While Australia’s election season is less than two months, America’s election season is virtually perpetual

There needs to be serious discussion about how to shorten the American election season while still allowing for robust voter participation in the political process

For the first time in 29 years, Australia is holding a double dissolution election, in which all seats in both houses of the bicameral Australian Parliament are up for election. The election, which was officially called for on May 8, will take place on July 2, meaning that Australia’s election season will officially last for 1 month, 3 weeks, and 3 days.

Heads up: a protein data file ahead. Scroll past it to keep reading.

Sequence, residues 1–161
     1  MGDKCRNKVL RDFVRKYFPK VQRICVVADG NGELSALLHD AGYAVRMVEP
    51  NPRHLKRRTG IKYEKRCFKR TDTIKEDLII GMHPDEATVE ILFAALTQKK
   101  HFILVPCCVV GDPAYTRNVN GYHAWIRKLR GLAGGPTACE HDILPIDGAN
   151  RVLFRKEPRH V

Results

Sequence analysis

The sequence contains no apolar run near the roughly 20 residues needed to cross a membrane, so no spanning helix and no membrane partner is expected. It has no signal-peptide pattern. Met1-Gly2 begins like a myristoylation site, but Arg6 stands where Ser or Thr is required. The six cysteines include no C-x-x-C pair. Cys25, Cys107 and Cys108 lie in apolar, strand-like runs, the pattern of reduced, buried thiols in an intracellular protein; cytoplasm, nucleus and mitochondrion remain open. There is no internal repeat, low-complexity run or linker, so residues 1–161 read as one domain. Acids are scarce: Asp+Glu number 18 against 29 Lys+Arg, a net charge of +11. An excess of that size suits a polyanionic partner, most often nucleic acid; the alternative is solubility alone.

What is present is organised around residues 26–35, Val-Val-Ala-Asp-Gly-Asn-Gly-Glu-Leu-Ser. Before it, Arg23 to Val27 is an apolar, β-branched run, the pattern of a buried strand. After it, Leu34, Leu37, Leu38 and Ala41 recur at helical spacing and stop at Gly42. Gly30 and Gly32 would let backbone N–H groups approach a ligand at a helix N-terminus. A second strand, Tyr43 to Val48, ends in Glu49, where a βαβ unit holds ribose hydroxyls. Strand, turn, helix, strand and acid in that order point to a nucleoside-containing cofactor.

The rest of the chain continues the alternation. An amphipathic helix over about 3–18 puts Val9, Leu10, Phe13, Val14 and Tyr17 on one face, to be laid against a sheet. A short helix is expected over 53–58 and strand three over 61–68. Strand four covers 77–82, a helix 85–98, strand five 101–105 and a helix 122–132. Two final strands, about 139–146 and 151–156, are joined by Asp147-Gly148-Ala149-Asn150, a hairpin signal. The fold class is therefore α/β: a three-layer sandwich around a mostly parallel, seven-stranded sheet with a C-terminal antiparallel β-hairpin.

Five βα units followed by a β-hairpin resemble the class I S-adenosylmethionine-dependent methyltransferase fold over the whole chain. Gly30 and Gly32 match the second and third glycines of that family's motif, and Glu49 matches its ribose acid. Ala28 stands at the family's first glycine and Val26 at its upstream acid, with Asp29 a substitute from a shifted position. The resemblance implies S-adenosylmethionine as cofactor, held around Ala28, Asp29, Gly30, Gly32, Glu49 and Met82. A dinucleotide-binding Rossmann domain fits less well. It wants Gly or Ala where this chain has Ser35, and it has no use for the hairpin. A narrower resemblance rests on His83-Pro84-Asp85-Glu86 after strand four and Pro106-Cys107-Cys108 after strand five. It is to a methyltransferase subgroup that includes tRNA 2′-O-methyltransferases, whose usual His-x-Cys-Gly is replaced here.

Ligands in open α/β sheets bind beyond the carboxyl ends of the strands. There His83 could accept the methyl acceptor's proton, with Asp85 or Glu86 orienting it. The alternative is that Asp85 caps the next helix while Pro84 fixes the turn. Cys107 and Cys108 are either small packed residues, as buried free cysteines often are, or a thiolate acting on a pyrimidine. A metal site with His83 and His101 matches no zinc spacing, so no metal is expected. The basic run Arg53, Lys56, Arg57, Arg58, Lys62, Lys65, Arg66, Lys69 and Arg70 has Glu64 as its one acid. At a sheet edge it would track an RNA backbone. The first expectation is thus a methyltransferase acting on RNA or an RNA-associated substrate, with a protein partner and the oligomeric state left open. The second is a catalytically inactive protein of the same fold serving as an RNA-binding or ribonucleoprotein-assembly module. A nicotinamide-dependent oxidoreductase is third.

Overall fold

Australia’s short campaign season is in sharp contrast with the campaign season (particularly in regard to presidential elections) in the United States, which is virtually perpetual. While elections for major-party presidential nominations here in the U.S. have been ongoing for three months now, and several states have held major-party nominations for seats in both houses of the U.S. Congress, and it will be another couple of months before major-party presidential nominees are officially nominated, with the U.S. general election scheduled for November 8.

While the U.S. has a campaign season that seemingly starts as soon as the last election is over, Australia has a campaign season that will last less than two months. Personally, I believe that we should take a serious look at reforming the election process here in America so that campaign season isn’t virtually perpetual, while continuing to allow the American people the same level, or even more, participation in the political process. If anyone has any ideas to make the American campaign season shorter, feel free to leave a comment with your ideas.